The field of business journalism has grown dramatically in the past 20 years. Yet the preparation of journalists to write about economic and financial topics has not kept up with that growth. Daily newspapers, specialized magazines, Internet-news sites and television stations are all eager for employees who can both understand business concepts and communicate those concepts in terms that readers and viewers will easily understand.
At Washington and Lee
The business journalism program at Washington and Lee University addresses this need. Begun in 2002, the program bridges two historic strengths of the university: its journalism department and its undergraduate School of Commerce, Economics and Politics. The program also taps the resources at the Washington and Lee School of Law.
The program was launched with a $1.5 million grant from the Donald W. Reynolds Foundation, which created an endowed chair for business journalism in the journalism department. In 2004 and again in 2007, the Reynolds Foundation augmented its original grant with three-year $450,000 awards In 2010, the foundation gave the journalism department a five-year $1.5 million grant.
The Donald W. Reynolds Foundation is a national philanthropic organization founded in 1954 by the late media entrepreneur for whom it is named. It is one of the 50 largest foundations in the United States.
Students following the business journalism sequence will take all of the required courses for the journalism major plus two specialized courses: Reporting on Business and Reporting on the Economy. They also will take at least six classes in the Williams School, including Introduction to Economics and Introduction to Accounting. Four additional upper level classes must be taken in Accounting, Business Administration or Economics, including at least one with an international focus. They must also complete an internship of at least 200 hours.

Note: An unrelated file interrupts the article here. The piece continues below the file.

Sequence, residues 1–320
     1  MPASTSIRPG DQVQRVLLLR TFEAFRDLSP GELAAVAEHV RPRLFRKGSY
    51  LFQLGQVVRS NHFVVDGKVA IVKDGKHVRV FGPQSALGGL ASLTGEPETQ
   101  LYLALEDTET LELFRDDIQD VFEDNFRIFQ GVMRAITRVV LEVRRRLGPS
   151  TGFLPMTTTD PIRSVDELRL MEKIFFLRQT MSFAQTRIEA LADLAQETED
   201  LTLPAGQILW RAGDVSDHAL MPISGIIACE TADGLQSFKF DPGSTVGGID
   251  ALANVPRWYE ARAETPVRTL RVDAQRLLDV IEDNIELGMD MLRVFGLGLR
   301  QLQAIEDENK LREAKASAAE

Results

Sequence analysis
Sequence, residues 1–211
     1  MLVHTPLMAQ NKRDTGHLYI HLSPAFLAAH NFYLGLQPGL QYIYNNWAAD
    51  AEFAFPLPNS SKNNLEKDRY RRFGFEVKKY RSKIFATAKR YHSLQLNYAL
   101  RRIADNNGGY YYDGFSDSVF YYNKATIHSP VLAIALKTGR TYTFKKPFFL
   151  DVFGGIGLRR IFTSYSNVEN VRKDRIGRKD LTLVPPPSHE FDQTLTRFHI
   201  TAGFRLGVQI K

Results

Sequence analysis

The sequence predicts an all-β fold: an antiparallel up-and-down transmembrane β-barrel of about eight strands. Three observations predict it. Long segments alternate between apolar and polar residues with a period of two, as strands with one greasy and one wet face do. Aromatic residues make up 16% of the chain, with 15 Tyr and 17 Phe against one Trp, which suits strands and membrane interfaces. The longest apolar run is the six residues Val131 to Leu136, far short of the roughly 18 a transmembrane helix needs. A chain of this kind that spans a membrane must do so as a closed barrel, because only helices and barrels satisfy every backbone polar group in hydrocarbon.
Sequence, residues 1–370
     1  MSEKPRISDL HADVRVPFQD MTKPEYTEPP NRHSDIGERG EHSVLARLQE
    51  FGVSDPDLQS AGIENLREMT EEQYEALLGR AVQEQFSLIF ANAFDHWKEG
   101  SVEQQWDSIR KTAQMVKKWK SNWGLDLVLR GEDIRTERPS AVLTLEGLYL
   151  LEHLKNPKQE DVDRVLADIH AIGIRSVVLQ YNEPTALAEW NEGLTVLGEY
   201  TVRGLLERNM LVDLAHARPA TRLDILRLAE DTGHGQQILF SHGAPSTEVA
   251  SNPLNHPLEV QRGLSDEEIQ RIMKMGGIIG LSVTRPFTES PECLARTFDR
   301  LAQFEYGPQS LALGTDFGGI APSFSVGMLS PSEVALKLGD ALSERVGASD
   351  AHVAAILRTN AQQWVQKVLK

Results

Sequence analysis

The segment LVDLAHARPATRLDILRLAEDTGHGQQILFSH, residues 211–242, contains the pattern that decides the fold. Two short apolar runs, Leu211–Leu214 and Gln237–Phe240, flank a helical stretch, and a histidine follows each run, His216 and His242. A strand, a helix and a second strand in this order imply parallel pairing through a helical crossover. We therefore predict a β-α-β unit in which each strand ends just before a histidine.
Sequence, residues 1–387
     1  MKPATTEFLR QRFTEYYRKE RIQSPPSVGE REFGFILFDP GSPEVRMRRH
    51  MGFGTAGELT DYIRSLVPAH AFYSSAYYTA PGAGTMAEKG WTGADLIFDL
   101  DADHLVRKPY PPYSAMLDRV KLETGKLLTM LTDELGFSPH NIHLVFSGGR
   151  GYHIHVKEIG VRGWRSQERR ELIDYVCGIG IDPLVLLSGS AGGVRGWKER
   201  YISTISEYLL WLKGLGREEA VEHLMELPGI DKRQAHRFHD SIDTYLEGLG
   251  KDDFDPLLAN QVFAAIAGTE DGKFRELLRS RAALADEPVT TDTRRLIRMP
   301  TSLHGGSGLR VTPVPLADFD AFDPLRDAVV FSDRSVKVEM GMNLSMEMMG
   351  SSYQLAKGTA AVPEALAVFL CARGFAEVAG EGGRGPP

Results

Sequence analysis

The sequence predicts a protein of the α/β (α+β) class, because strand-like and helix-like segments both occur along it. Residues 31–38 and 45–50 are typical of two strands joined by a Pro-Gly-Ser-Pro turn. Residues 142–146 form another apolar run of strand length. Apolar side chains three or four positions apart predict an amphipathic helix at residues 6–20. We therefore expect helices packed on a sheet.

The Reynolds program regularly brings business journalists to campus to talk to students about the profession. Speakers have included Diana Henriques, The New York Times; David Fahrenthold, The Washington Post; Michael Hudson, Center for Public Integrity; Greg Ip, The Wall Street Journal; Dagen McDowell, Fox Business Network.
Preparation for the Real World
Because of the Donald W. Reynolds Foundation, paid summer business journalism internships are available for all business-journalism majors. Recent locations include CNBC, American City Business Journals, The Charlotte Observer and The Richmond Times-Dispatch.
Questions and comments: Alecia Swasy